Well our idea is kind of like a reverse Kickstarter so they could try to stamp us out.    We don’t see the dollar amount of what we raise for each campaign being anywhere near what Kickstarter raises though so I don’t see a financial reason for them to try and specifically compete with us.  They are more about raising money for products, like 3d printers, than digital property anyway.

What obstacles or challenges do you think may get in the way of Comakr being a success?

The biggest challenge is makers are used to downloading files for free and there is no shortage of files available online.  We also think the current 3d printing community is still very much a DIY group who likes to figure out how to design and print their objects on their own.

So far, people interested in Comakr can sign up to the site, when do you plan to go live?

Good question.  We want to have something working by February. To be honest we are bootstrap funding this ourselves so we are debating a secondary concept that may or may not be part of this site.  We can probably only afford to proceed with one idea right now so we are still trying to assess which will be more popular and interesting as a first project.   Our other idea we are calling for now and it’s essentially a web app that 3D designers can use to sell their 3D designs and objects on their own blog or online shop. 

We would be targeting people who sell customized objects, like eyeglasses, for example which require a user to finalize their product using a customized interactive design palette.  So we would offer a platform that a single shop owner couldn’t afford to create alone and requires a software developer to create, but would be a great tool on any 3D designer’s ecommerce site. 

The thinking behind this idea is that huge sites like Shapeways require the designer to have their objects printed through them.  If we allow the designer to decide who does the printing, like a 3D hub for instance, they might be able to sell the object for less money to their customers and also increase their own profit margin since their overhead is so much lower.  They can still use the big sites to generate traffic to their work but they can use our web platform as another way to sell their 3d objects just like a person who sells products on Amazon usually has their own company website as well.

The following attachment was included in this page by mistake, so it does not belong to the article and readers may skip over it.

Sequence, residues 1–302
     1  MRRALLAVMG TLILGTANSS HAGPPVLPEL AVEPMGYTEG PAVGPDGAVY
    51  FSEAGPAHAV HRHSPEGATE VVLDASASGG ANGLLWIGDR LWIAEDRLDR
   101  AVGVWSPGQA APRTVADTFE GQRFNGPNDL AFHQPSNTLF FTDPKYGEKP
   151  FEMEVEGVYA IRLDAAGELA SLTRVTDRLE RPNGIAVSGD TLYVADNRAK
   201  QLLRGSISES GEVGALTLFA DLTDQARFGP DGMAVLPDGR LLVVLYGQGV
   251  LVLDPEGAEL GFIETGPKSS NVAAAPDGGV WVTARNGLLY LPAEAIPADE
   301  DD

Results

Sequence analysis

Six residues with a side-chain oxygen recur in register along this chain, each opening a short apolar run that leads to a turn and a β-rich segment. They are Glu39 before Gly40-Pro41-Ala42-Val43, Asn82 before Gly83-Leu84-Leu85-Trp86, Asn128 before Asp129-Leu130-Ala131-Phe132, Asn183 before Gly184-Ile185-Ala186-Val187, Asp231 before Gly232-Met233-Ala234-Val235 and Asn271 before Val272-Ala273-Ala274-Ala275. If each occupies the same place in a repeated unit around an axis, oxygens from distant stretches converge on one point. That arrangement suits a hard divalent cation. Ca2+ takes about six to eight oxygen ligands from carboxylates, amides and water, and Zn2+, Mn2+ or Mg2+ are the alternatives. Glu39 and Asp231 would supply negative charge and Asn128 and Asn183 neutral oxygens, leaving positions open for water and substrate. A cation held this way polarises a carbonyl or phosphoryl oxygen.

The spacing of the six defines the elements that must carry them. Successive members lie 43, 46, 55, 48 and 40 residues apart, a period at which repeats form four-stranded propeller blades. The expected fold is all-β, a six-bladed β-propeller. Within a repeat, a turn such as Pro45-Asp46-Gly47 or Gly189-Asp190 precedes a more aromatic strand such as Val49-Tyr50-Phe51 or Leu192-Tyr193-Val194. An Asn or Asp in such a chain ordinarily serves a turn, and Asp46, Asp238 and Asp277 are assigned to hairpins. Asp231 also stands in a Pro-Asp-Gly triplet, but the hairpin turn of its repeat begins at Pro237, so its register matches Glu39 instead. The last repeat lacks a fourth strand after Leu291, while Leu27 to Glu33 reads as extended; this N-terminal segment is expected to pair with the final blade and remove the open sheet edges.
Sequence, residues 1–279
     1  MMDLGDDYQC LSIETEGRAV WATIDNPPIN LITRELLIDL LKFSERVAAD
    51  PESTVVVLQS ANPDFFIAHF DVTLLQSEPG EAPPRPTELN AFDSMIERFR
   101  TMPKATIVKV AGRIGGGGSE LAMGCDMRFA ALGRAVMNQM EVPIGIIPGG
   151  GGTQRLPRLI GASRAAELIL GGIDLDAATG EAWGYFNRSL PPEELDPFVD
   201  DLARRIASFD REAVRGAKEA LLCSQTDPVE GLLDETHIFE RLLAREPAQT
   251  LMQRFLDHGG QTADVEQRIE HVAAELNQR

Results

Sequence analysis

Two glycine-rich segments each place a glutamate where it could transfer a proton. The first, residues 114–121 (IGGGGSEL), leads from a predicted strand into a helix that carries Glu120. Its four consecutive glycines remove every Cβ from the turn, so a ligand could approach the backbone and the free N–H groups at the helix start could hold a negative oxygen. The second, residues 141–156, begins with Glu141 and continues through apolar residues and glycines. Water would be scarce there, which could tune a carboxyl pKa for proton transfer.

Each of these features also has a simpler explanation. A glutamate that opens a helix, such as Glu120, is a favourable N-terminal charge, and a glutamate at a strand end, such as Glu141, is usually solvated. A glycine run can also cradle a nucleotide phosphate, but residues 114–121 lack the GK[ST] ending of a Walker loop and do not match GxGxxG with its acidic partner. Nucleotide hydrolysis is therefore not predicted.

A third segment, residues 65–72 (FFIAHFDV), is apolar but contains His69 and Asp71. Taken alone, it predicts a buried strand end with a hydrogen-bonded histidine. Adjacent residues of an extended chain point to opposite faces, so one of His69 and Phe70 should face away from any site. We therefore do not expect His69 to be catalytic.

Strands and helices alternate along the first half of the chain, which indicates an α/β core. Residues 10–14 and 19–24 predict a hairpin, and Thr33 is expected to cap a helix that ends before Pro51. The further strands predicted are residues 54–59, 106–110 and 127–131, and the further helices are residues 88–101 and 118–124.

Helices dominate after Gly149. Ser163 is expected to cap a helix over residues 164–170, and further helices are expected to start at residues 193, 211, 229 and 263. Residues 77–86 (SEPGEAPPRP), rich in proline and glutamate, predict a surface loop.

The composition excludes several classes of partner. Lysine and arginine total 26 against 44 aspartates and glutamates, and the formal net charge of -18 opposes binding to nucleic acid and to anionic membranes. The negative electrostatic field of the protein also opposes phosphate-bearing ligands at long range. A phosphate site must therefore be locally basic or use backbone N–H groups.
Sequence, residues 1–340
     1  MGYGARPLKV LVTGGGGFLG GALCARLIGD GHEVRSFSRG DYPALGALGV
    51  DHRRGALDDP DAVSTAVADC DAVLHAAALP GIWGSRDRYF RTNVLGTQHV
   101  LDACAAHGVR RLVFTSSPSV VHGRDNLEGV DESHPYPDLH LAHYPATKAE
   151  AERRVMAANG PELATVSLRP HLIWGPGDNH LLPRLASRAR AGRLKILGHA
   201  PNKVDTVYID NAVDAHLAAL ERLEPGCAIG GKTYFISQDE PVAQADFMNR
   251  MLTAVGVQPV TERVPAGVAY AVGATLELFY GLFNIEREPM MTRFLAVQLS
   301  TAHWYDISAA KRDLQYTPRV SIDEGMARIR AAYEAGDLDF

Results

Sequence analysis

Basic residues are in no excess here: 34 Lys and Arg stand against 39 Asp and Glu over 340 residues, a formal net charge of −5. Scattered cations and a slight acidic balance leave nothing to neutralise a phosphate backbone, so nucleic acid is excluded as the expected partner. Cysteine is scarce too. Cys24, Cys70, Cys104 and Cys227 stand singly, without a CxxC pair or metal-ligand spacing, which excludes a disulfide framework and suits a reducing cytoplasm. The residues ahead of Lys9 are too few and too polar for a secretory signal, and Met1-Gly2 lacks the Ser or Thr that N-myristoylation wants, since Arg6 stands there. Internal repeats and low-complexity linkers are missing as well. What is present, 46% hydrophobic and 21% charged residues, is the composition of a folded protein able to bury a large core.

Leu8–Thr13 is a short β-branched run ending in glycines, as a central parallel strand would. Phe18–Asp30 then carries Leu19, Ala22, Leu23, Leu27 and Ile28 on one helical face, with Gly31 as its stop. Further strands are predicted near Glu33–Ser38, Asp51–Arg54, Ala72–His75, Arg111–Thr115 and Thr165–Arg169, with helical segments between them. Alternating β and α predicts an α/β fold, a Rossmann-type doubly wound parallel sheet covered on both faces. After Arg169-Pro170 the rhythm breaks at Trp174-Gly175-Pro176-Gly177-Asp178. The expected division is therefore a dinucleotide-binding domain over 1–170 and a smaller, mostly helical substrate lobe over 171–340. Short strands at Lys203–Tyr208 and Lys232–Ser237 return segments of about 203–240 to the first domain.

What’s your take on the state of the crowdfunding and 3d printing industry today?

This is Mike speaking and I think there is still a lot of hype going on which at least is putting 3D printing on the radar of the average person. I see printers on Kickstarter raising millions of dollars and who knows if they will ever even be made.  I think of the saying “sell the sizzle and not the steak” when I see what is being promised right now on crowdfunding sites. I don’t see as much attention to practical uses for 3D printing but I know that is on the way.  The big issue is the printers that make objects out of cool materials like different metals cost hundreds of thousands of dollars to own so the rest of us are still being forced to make plastic cubes. 

Where do you see the both industries going in next five years?

Prices of printers are dropping without a doubt and that is going to mean more widespread adoption. There are promises of affordable metal printers in 2015 which would be awesome.  Gartner says there will be over 2 million printers in homes within 3 years and most of these will cost under $2,500. Right now there are under 100,000 printers owned by consumers. Our crowdsourcing idea will really take hold when the consumer and small business owner steps in.  We are probably still a little early but it will happen.

Where do you see Comakr in the next five years?

We are starting this out on our own without any investors and want to grow at our own pace so we will be focused on what is best for the community that joins us on the journey. We want to be a really successful online 3D printing community or even an eCommerce marketplace for 3D objects and since this space is still in it’s infancy it might not mean we are primarily about crowdfunding in the future. We might become more of an incubator of ideas or an online laboratory. We want to stay flexible so whatever direction this movement goes we go can tag along for the ride.  

Connect with Mike on Twitter @3dprintingwow and sign up with Comakr here.